Is fixing your home loan your best bet?

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Lenders have started competing aggressively in the fixed home loan market by dropping rates, and it seems to be working. In June more than 3300 home loans were fixed, which was about 5 percent more than in May according to the Australian Bureau of Statistics.

It was the highest month-on-month increase since December last year, when borrowers were spooked by the large variable rate increases of November 2010. More significantly, the proportion of fixed home loans was almost double that of June last year.

One of the reasons for the push could be because the big banks are awash with deposits as Australians learn to save again, while many are still showing distaste for debt. So if you’re a prospective borrower with a good credit rating, expect institutions to pull out all the stops for your business.

Damian Smith, chief executive of RateCity, says we haven’t seen this level of fixed rate movement since the global financial crisis.

“The market is so slow that borrowers, whether fixed- or variable-rate, should be capable of getting much better deals than even the rates being advertised,” he says.

The proportion of fixed rate home loan applications through RateCity has increased significantly in recent months, up by 67 percent in August compared to July..

Is it wise to fix?

Commentators are urging borrowers to approach fixed rate mortgages with caution.

Namely, Carolyn Bond, co-chief executive officer of Consumer Action, who told the Sydney Morning Herald that her initial reaction to learning of the renewed interest in fixed rate mortgages was that people have short memories.

That’s because it was only a few years ago that some borrowers locked in at about 9 percent only to watch interest rates plummet during the GFC.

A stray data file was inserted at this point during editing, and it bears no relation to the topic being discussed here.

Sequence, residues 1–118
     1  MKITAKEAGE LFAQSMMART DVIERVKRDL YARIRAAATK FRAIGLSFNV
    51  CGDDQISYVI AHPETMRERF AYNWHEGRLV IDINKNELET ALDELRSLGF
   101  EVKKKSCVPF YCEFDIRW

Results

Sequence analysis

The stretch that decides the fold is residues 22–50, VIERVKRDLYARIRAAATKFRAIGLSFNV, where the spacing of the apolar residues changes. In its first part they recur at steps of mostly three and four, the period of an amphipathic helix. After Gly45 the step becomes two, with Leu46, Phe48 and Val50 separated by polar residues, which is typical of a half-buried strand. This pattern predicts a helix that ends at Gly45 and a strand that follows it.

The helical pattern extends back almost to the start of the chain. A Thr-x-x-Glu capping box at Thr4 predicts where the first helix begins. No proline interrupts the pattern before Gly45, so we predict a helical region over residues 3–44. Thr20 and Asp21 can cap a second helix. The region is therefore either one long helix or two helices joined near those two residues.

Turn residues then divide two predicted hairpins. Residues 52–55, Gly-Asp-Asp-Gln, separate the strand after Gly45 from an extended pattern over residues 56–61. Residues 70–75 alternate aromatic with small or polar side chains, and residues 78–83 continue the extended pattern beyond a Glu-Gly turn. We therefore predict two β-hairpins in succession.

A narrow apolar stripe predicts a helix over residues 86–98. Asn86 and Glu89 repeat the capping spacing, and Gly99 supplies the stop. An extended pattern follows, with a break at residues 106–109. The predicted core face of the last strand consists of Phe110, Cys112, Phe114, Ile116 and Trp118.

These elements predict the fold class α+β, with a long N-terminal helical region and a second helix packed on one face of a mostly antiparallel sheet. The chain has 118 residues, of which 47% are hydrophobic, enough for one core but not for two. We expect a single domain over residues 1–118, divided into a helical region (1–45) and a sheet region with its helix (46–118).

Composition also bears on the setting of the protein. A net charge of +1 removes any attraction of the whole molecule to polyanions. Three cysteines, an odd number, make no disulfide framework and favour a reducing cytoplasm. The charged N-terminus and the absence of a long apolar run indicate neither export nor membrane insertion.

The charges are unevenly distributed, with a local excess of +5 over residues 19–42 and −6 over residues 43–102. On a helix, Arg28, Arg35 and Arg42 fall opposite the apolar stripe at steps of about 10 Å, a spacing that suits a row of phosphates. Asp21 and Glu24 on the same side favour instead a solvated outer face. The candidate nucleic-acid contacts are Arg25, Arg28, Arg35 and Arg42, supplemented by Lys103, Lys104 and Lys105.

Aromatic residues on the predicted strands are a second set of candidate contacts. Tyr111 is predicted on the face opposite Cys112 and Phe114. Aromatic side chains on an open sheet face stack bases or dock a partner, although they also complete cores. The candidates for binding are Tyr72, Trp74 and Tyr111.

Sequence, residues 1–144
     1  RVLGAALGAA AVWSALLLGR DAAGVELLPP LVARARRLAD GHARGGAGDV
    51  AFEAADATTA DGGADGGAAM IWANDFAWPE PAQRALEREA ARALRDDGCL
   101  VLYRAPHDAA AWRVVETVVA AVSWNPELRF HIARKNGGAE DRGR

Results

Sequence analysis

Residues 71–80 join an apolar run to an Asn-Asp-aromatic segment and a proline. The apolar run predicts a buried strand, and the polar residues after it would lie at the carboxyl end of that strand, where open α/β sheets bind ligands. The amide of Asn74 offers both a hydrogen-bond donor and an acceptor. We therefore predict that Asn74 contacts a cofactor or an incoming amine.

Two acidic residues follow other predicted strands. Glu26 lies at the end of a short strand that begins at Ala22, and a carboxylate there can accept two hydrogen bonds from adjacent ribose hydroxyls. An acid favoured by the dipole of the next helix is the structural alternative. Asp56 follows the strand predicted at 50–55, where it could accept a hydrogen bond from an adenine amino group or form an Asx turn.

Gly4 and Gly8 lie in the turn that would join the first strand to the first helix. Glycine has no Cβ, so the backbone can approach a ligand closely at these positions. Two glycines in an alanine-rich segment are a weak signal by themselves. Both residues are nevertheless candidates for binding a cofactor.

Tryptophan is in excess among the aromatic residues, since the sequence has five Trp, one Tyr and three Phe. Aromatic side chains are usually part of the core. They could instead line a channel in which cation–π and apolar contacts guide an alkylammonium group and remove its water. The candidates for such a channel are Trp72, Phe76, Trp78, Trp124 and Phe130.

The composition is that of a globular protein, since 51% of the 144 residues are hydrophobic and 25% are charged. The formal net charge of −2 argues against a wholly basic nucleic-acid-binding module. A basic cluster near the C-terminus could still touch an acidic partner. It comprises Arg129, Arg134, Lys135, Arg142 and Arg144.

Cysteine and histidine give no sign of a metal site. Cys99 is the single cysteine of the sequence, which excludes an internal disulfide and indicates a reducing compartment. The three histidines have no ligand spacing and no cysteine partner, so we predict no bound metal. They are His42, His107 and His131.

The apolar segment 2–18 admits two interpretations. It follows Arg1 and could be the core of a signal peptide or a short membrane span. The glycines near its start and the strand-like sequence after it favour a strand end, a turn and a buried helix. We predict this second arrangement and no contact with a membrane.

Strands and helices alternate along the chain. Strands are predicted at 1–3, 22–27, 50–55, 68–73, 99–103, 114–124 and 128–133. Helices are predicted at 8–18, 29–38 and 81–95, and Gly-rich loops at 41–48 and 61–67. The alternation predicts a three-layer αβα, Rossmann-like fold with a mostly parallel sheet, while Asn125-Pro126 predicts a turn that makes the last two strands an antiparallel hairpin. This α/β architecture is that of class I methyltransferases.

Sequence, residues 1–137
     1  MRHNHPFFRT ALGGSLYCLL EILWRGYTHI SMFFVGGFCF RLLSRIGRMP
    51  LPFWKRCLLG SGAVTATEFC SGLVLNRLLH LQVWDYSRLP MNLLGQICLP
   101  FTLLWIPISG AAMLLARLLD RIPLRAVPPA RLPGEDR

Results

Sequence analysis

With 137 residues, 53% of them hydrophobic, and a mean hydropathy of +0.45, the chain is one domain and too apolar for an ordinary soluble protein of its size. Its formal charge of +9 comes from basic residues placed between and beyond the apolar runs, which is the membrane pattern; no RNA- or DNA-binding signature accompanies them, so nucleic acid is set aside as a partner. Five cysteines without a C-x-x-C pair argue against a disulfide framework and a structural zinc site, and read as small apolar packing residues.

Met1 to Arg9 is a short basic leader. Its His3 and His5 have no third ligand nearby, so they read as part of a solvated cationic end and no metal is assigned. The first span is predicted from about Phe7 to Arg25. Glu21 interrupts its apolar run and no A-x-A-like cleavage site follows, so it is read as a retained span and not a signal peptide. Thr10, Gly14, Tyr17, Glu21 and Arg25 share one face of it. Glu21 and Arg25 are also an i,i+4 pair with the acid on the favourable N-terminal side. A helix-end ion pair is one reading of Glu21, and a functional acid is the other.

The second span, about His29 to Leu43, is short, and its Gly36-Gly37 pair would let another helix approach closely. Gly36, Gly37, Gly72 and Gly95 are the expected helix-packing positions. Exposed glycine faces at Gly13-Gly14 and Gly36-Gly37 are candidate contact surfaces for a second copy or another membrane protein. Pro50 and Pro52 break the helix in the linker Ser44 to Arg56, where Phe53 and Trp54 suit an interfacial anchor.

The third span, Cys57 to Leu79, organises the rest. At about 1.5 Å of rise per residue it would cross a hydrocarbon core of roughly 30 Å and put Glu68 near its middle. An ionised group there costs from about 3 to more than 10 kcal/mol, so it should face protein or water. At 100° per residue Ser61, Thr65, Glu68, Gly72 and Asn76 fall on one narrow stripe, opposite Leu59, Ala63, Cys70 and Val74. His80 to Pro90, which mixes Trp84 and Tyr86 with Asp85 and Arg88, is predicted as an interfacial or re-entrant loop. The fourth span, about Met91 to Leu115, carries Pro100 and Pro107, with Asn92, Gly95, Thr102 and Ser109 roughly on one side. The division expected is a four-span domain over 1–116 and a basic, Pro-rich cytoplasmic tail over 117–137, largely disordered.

“The key message is that no one knows what’s going to happen with rates. But institutions probably have a better idea than we do and they’re going to try to make sure they don’t lose; it’s a bit of a gamble that you’re more likely to lose than win,” she warned.

Smith adds: “With the abolition of excessive early exit fees on variable rate loans, fixed loans have become more attractive for lenders. They can still charge break fees for early exit on these kinds of loans, and therefore they have confidence that fixed rates customers will be less likely to switch away to another lender”. 

For borrowers that are concerned about rate movements, Smith says split loans may be a good option to consider. But ultimately RateCity advocates taking out the lowest rate variable loan and ramping up monthly repayments.

“On average over the cycle the best strategy for most borrowers remains the lowest possible variable rate with the highest possible monthly repayments, but we appear to be in a window where fixing is definitely worth a close look,” he says.


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